Tightening the Time-Belt: How to Take Advantage of Parkinson’s Law

Have you ever noticed that when you budget out your time for a given project or meeting, you take exactly that amount of time, even if you have half the amount of work or information to cover that you normally do? What you are experiencing is known as Parkinson’s Law, which is that work expands so as to fill the time available for its completion. Put another way, if you wait until the last minute, it only takes a minute to do. So if you set aside three hours to complete one aspect of a project, it will take you all three hours to do so. But if you budget only one hour for that exact same task, then it will only take an hour.

Why the discrepancy? When you allow for more time to complete anything, you also allow room for distractions to come and lay waste to your careful plans. Say you’ve got five hours set aside to work on brief. Thirty minutes into those five hours you get a phone call. You’ve still got four and a half hours and you’ve made good progress in the last half hour. You can take the call, no problem. So you chat a little, find out what you need to do and start a secondary to-do list, maybe work on it for a short time before you remember your brief. Oh, yeah. The brief. Gotta get that done. Four hours to go, now.

Forty-five minutes later you hear temptation calling your name: Facebook. Just a quick scroll through your news-feed, only a minute or two on Candy Crush, and sixty minutes and ten cat videos later, you’re down to two hours and fifteen minutes to finish writing your brief. Woops. You reluctantly close down Facebook, silence your phone, and buckle down to work and whip out that brief with fifteen minutes to spare, patting yourself on the back for a job well done because you also had time to proofread it.

But were you as productive as you think you were? No, not really. You didn’t save yourself fifteen minutes, you wasted three hours because it only took you two to get the job done. So, now what? If your work is going to expand into whatever space you’ve allotted for it, what can you do about it? Here’re a couple of tips to help you increase your productivity.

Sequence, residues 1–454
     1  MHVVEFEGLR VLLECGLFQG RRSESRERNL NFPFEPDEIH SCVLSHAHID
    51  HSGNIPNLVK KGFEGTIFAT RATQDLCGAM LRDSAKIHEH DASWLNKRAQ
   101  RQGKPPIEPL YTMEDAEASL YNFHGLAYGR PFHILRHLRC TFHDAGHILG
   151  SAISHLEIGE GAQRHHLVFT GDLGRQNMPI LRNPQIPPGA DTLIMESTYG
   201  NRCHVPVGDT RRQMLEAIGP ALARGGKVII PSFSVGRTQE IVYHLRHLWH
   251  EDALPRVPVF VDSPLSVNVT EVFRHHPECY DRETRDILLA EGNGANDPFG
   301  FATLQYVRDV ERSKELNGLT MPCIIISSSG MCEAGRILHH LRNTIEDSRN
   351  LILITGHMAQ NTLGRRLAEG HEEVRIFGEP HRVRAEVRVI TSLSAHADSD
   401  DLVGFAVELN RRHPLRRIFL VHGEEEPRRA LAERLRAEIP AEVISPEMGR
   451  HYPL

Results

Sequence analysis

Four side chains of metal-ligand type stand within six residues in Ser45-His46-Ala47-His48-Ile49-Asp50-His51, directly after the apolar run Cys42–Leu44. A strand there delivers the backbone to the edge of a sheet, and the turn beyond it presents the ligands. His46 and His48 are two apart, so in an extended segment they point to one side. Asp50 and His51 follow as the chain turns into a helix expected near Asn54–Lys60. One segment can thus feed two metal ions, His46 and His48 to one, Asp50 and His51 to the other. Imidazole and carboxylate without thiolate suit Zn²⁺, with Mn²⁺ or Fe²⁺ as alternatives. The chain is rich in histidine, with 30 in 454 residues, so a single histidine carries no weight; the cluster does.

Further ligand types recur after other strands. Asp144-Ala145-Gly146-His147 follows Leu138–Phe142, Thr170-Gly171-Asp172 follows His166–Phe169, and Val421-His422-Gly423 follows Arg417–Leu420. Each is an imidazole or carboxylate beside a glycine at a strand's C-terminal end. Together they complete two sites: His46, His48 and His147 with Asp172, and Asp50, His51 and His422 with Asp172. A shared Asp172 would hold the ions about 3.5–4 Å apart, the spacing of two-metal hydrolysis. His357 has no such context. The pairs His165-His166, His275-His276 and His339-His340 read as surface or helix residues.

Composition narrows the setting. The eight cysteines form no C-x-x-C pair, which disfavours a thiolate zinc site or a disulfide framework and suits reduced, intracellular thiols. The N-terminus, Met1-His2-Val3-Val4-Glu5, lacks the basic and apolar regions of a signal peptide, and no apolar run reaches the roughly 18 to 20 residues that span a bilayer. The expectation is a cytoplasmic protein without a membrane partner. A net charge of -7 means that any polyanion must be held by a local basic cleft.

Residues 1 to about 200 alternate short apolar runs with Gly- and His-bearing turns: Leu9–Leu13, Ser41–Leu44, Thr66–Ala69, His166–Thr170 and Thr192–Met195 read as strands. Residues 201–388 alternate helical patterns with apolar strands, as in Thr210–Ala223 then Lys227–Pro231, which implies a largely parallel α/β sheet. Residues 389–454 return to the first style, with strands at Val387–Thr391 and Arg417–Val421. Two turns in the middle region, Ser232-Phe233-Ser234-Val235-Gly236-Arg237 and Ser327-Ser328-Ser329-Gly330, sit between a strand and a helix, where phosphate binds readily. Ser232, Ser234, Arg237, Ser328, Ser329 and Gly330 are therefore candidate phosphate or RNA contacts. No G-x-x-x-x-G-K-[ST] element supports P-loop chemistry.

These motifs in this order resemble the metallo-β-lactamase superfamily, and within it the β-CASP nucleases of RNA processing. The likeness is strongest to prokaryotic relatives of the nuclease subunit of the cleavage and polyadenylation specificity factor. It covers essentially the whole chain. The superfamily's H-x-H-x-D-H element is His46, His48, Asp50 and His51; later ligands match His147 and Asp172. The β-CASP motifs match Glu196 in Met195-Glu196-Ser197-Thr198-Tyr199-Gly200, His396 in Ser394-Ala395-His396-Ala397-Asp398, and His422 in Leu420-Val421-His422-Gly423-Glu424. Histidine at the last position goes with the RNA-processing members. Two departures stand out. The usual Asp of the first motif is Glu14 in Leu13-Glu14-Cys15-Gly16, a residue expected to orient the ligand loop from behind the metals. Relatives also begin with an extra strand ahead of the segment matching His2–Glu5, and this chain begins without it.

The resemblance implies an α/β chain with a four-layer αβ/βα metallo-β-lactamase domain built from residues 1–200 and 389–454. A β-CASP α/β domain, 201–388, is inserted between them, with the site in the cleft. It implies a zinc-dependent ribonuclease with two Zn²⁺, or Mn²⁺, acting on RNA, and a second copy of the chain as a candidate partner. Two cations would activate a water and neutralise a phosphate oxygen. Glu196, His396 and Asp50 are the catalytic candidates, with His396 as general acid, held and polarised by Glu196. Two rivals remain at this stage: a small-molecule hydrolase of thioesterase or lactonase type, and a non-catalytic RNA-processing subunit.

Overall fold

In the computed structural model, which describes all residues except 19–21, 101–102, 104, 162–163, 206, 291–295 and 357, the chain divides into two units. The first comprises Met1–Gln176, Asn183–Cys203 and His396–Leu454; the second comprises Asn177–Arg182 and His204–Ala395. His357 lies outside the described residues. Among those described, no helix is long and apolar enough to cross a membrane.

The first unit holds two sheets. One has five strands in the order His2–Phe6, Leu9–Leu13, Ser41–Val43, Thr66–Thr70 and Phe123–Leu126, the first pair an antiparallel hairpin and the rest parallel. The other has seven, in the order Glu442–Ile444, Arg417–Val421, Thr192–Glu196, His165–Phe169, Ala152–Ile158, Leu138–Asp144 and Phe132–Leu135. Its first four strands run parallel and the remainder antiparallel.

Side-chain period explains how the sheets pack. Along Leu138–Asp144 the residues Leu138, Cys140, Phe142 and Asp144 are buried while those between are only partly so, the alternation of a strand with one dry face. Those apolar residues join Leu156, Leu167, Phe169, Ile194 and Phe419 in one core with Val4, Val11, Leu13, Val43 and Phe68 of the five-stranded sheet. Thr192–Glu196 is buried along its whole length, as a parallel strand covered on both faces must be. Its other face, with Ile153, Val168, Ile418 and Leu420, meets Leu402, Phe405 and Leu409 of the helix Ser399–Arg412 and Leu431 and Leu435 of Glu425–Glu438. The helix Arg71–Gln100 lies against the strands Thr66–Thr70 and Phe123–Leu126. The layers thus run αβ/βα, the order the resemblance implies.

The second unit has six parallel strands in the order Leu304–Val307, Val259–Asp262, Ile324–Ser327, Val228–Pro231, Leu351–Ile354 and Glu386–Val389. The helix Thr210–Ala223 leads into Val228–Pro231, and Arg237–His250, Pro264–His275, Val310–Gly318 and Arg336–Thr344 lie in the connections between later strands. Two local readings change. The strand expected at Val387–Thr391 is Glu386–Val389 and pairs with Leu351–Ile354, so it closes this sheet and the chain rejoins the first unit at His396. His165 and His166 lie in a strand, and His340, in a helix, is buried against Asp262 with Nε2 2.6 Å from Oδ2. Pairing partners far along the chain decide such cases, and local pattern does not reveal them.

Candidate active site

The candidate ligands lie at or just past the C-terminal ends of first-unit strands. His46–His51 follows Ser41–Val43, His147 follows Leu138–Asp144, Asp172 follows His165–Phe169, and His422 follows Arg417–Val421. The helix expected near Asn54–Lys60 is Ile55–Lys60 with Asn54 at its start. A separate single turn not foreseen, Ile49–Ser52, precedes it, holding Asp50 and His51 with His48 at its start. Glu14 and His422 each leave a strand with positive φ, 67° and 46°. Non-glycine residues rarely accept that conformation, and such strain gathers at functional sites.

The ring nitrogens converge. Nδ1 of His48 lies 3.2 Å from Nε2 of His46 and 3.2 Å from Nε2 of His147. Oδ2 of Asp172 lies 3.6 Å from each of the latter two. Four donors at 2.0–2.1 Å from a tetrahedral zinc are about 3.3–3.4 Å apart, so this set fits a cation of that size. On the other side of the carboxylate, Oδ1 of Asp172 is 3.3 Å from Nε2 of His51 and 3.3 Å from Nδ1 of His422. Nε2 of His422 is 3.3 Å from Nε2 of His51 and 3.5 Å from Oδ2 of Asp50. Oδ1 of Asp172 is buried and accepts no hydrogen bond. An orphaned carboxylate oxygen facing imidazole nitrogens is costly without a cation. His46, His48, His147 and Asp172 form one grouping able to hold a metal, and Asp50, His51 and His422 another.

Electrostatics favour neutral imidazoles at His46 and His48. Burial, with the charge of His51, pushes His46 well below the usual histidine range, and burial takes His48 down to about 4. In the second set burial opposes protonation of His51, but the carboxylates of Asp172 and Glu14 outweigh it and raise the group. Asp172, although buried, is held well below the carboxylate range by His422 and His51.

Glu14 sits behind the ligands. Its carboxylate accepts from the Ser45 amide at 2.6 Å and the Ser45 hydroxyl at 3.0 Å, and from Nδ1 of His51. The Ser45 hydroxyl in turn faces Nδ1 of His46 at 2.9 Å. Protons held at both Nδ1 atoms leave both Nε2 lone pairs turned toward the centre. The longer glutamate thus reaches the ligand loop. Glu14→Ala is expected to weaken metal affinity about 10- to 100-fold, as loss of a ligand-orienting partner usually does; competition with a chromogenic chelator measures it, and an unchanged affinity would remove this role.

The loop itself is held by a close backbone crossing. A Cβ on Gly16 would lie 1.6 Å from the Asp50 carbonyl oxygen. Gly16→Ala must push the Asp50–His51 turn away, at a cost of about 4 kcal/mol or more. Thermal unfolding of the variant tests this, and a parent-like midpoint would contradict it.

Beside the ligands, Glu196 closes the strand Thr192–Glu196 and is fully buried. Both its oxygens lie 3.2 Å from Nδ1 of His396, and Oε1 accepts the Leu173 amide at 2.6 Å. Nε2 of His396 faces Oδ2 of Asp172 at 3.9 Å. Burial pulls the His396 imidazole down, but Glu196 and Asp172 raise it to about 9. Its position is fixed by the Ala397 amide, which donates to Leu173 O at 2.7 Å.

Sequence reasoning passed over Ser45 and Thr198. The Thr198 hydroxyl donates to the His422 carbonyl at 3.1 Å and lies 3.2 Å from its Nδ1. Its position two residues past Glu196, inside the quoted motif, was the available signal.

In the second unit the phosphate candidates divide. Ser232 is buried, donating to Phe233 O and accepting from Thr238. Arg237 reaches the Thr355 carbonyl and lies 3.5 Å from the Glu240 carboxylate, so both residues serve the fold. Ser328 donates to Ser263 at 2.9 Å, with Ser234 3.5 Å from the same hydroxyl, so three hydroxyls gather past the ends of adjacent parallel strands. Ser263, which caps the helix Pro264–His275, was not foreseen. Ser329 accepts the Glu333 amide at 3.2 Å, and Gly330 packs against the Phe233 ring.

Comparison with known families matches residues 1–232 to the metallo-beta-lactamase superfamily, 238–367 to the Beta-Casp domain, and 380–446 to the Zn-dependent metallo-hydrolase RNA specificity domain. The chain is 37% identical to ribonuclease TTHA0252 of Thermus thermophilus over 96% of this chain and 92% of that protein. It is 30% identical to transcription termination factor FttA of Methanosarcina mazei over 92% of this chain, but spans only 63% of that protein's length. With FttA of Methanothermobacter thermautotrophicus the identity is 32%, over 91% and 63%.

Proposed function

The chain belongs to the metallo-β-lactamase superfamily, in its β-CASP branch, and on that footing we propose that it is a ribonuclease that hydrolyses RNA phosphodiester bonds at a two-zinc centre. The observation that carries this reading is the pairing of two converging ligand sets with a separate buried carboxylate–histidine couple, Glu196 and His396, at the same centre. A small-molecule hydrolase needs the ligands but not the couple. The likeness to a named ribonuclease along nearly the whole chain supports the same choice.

1) Ruthlessly cut back your time. Calculate how long it will take you to complete a task and instead of doubling the time just to be sure you have enough to get everything done, halve it. Less time forces you to focus on the task at hand, eliminating distractions and nullifying temptations to waste your precious time and energy on other things. Multitasking, a time-waster if ever there was one, becomes impossible, which means that you are devoting your full mental capacity and ability to what you are doing.

Halving the time does not mean that you are halving the quality. In fact, because you are so focused on your task, it probably means you are producing higher quality stuff because you have fewer distractions dividing your concentration and interrupting your flow.

2) Don’t give more time to a meeting or project than it’s worth. I know, that sounds like the same thing as cutting back your time, but it’s really not. What it is is prioritizing your day and not giving greater emphasis to things which do not deserve it. If you have a weekly project update meeting which drags on and on with inevitable regularity and nothing productive emerges from the dragging, it’s time to cut that behemoth off at its figurative knees. You’re making the meeting much bigger than it needs to be. Allot less time, and you’ll still get done everything you need to get done. You won’t be sacrificing any of your effectiveness, but you will be giving room for decisions to be made more quickly. If time is of the essence, don’t waste it in a wheel-spinning meeting. Dig in, get done, and move on to other priorities.

Make Parkinson’s Law work for you instead of against you, increasing your efficiency and decreasing the amount of time you waste.

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